Parts of the script sound gross and weird, but as the story progressed, with the mother remembering and speaking in her own words, "she" became much more relaxed and natural.
However, that and subsequent conversations were limited; for example, when I tried to ask mom about her favorite jewelry, I said, “I'm sorry, I don't understand. You can try to ask another way, or go to another topic."
There are also bugs that are so adorable they're funny. One day my father's messenger asked me how I was doing. "I'm sad today," I answered. – Good. he answered cheerfully and optimistically.
The overall experience is definitely weird. Every time I talk to a virtual version of them, I realize I'm talking to real parents. At one point my husband thought I would test the bot to make real calls. Realizing that it wasn't, she rolled her eyes, frowned, and shook her head as if I was completely insane.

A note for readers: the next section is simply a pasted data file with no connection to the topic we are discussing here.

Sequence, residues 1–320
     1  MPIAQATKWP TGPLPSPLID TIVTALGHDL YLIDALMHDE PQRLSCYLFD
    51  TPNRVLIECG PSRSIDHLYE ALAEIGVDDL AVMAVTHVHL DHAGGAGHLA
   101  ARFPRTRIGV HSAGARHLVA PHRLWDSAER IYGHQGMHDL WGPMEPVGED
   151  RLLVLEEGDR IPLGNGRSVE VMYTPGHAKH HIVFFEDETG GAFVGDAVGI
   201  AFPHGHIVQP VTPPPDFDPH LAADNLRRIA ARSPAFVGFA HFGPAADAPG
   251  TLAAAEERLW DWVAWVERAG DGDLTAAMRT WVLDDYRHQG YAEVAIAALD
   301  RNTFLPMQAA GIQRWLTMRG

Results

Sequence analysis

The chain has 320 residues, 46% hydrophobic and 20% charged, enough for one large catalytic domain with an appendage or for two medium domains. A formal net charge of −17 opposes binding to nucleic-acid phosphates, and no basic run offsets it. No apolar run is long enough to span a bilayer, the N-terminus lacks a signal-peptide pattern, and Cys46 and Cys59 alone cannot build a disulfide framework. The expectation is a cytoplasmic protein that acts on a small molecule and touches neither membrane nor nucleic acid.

Earlier this year, I received a similar technology demo from a five-year-old startup called StoryFile, which promises to take things to the next level. His life service records the answers not only in voice, but also in video.
You can choose from hundreds of questions related to the topic. Then note who answered the question. This can be done on any device with a camera and microphone, including smartphones, although the higher the recording quality, the better the results. After you upload the file, the company converts it into a digital version of the person you can see and chat with. It can answer the questions it is programmed to answer, such as HereAfter, only the video.
StoryFile CEO Stephen Smith demonstrated the technology via video call, joined by his mother. He passed away earlier this year, but here he is on the phone, sitting in a comfortable armchair in his living room. For a brief moment I could only see it scattered across Smith's screen. He spoke softly, with thin hair and kind eyes. He gives life advice. He seemed wise.
Smith told me that his mother "went" to his funeral; "He finally said. "I think it's all mine … goodbye," and all the family and friends were crying, and perhaps most importantly, Smith said, he was overjoyed to be able to capture his mother on camera before she died.